No. Dumbledore is a fictional character. He doesn’t exist. He can’t know anybody carnally or otherwise. A buch of words appear in a book. We read those words and a world comes to life in our heads. If what happens in our heads is different than what Rowling intended to happen in our heads, are we wrong? No. We might be illiterate—but the whole work is fiction. None of it happened. Why should we have a particular deference to the thoughts of the person who put the words on the page?
So why do we particularly care what the founding fathers thought? They’re dead. They won’t be offended if we disagree with them. And we do disagree with them. Many of them were slave-owners. While they may have been progressive for their times, they would be (by any standard) regressive for ours. Why should the author be able to stretch a dead hand from the grave to tell us what to think? If a particular view is wrong—does it really matter if the founding fathers were also wrong?
Now, the Bible is a bit different. If the Bible is an inspired text, perhaps the inspired authors have some special bearing on it. And perhaps the inspired authors were part of an inspired culture. But that’s making a whole lot of unwarranted assumptions. We can cut out a lot of middlemen if we stick as close to the text as possible. The writers of the text chronicled a number of invents. Generally, the events were the important part, not the writers and the cultural era the writer wrote about. Nothing in the Bible suggests that we should strive to recreate the prejudices of that era.
How then can anything have meaning?
Meaning comes from the same place it did before. We read something. It means something to us. We read different things and it takes on a new meaning. We discuss it with others and it takes on a third meaning. Ultimately, we’re responsible for our thoughts—even when we pretend somebody else is. It’s convenient enough to justify prejudices or bad ideas by saying somebody important shared that prejudice or bad idea—but ultimately we’re always going to interpret a text in light of our own convictions and desires. If the text is as inspired as we hope it is—it can influence our convictions. And if the Founding Fathers are as bright as they’re supposed to be, their ideas should be worth adopting on their own merits. We don’t need some mystical-dead-guy-power to tell us what is allowed to mean something. We already have all the tools we need.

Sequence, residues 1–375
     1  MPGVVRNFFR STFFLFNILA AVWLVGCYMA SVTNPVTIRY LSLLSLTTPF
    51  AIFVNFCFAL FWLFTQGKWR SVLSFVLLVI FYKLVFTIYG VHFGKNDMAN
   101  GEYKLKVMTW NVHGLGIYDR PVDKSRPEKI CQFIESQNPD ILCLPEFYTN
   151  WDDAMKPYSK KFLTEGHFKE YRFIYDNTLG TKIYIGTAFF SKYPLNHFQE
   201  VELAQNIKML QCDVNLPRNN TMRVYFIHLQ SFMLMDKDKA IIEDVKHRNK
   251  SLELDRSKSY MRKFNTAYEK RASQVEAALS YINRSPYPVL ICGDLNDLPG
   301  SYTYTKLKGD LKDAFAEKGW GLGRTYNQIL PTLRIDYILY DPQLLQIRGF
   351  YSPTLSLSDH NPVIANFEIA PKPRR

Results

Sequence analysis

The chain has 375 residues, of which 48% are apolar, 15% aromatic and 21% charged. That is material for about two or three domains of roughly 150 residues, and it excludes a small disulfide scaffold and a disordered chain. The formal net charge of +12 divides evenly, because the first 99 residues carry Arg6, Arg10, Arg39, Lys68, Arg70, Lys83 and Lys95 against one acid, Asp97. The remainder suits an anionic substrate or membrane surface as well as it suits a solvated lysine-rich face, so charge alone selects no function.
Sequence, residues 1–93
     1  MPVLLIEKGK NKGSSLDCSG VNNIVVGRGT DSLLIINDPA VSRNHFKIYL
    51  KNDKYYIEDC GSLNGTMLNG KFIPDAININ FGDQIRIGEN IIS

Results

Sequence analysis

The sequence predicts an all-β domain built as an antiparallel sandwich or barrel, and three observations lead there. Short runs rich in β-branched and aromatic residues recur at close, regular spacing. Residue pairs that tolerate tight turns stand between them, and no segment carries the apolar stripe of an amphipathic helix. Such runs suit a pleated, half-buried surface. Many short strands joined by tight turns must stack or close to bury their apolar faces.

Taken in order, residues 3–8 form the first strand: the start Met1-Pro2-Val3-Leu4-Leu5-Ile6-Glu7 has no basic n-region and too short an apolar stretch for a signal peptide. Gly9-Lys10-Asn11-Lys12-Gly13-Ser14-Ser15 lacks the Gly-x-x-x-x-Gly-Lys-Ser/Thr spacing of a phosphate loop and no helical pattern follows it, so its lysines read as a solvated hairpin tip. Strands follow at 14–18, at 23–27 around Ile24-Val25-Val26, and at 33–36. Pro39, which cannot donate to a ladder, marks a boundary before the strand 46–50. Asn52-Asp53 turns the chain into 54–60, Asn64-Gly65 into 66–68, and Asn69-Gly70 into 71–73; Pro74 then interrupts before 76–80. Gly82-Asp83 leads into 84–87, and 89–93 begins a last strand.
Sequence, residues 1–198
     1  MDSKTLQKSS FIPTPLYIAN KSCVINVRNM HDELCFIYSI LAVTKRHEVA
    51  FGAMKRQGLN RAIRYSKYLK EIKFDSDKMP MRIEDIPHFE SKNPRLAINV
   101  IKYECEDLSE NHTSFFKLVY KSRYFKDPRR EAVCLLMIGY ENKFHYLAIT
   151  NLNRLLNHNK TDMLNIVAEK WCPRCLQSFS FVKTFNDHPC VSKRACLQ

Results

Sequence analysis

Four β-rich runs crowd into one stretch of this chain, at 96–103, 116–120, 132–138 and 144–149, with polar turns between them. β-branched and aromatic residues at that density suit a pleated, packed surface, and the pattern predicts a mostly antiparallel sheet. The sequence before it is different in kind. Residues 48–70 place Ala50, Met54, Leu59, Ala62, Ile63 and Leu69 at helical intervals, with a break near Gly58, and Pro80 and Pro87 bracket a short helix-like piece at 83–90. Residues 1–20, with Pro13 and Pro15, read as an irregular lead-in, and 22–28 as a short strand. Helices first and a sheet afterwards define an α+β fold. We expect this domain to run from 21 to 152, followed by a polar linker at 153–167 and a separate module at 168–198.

I think Dan’s right on this one. (Was the dig at AF strictly necessary though?) Society has been working on this women’s rights thing, and we’ve come a long way. While a lot of people feel that we’ve done the hard work, we’re basically close enough to equal rights. Feminists disagree intensely, and spend a lot of effort convincing people there’s still a problem, which is a daunting task. I think Sarah Palin gives off the vibe of ‘Look how far we women have come! We’ve made it! We’re done!’ This is not helping to convince people that women are still badly oppressed. I think AF is on the side that the worst of the inequality is gone, and I can sympathize. That makes it feel a little like feminists are inventing problems and forcing them on others. But feminists are very earnest that things are still slanted against them, and I have to respect that earnesty (if that’s a word).
Antifeminism, who (evidently) speaks with the royal we (presumably from nostalgia for a grander, more hierarchical era) has finally provided the long awaited explanation of feminism’s perceived ills. You can read it here—but the short version is that a lot of self-identified feminists said a lot of mean things about Sarah Palin. It concludes:
Why and when did feminism stop being about the advancement of all women?